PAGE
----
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Found 7 results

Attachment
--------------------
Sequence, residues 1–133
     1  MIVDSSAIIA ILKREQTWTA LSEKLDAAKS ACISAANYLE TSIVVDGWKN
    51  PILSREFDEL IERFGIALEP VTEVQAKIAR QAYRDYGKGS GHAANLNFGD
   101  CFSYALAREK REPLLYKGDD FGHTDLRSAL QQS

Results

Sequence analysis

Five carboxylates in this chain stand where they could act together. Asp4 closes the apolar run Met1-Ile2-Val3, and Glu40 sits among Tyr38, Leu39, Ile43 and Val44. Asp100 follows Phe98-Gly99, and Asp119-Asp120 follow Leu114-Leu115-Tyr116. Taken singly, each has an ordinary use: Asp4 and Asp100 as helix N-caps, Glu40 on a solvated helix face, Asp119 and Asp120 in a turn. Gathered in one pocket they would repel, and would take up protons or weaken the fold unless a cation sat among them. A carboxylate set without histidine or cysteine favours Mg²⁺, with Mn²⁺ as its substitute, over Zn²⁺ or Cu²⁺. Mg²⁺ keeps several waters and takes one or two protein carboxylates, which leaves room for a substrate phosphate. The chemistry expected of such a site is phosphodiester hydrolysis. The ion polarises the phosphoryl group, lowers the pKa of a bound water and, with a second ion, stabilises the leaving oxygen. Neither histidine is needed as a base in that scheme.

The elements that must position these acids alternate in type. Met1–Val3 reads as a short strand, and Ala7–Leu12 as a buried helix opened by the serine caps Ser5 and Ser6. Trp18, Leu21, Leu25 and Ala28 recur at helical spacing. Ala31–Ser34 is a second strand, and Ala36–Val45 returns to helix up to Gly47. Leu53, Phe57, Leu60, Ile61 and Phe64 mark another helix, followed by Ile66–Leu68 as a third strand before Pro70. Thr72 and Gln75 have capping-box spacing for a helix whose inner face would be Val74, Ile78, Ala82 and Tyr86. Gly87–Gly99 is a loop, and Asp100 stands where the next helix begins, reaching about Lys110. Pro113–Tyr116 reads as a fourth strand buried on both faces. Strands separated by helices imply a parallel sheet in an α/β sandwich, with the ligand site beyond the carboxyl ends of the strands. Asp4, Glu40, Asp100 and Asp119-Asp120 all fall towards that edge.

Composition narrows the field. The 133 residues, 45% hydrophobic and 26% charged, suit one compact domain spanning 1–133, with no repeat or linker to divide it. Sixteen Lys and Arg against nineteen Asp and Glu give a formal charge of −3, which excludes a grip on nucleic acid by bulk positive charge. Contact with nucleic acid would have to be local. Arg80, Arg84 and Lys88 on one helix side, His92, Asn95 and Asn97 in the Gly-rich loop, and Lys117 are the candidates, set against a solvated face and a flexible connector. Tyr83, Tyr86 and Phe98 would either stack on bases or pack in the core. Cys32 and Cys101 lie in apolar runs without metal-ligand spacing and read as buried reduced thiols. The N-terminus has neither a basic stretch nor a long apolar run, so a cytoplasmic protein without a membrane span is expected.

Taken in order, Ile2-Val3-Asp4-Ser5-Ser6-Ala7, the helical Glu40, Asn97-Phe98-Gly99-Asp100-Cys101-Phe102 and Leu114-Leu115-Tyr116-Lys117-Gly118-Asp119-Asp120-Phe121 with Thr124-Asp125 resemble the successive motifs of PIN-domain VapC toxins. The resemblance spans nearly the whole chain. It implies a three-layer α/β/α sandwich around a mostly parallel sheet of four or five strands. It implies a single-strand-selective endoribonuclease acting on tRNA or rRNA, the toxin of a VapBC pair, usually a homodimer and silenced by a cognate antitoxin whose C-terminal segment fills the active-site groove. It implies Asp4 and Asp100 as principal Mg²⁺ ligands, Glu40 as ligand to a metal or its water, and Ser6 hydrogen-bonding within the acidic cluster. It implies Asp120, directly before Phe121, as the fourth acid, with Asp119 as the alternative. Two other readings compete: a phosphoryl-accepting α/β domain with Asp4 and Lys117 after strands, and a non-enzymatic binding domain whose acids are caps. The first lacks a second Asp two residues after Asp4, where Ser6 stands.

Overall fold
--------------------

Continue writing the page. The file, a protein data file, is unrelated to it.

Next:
1. Visited recently on my first foray over to the European side of life (can't believe it has taken so long). It was excellent / cold in the snow! History: On May 9, 1899, Kaiser Wilhelm II laid the first stone of Fort St. Blaise. Group Fortification Verdun group is built on top of two hills, it consists of two forts, the fort Sommy 30 ha in the south, and Fort Saint-Blaise 45 ha on the north. Group Fortification Verdun has four 150mm howitzers and six short 100mm guns. Fort St. Blaise was planned for 500 men and fort Sommy for 200 men. It could then receive two infantry companies, in addition to the gunners. St. Blaise, whose fortified barracks could receive 500 people, has 10 observation domes and 12 lookout posts.[4] The water tank's capacity was 1,300 m. 4 diesel engines of 25HP each, providing the energy necessary for Fort St. Blaise. The fort Sommy, including the fortified barracks, could accommodate 200 people, and has 6 observation domes and 8 lookouts. Its water tank could hold 600 m and it had 3 diesel engines of 20HP each, to provide the energy needed for its operation.[4] The coat of arms of Count of Haeseler is carved on the pediment of the door of the fort. It caused the Americans a huge headache in WW2 and proved its worth as a fortified location. Patton underestimated their strength immensely. Fort St. Blaise: The first of the two forts, complete with short 100mm funs in place showing battle damage. Untitled by Nick, on Flickr Untitled by Nick, on Flickr Untitled by Nick, on Flickr Untitled by Nick, on Flickr Untitled by Nick, on Flickr Untitled by Nick, on Flickr Untitled by Nick, on Flickr Collapsed structure / battle damage Untitled by Nick, on Flickr Untitled by Nick, on Flickr Untitled by Nick, on Flickr Untitled by Nick, on Flickr The thing you don't realise until you get there is that the French Army have not removed any of the barbed wire entanglements, complete with foot spikes and in some places, unexploded ordnance Untitled by Nick, on Flickr Fort Sommy: The smaller outer fort, with a machine gun cupola and two turrets with guns and a tonne more battle damage, with craters and wall collapses all over the shop! Untitled by Nick, on Flickr Untitled by Nick, on Flickr Untitled by Nick, on Flickr Untitled by Nick, on Flickr Untitled by Nick, on Flickr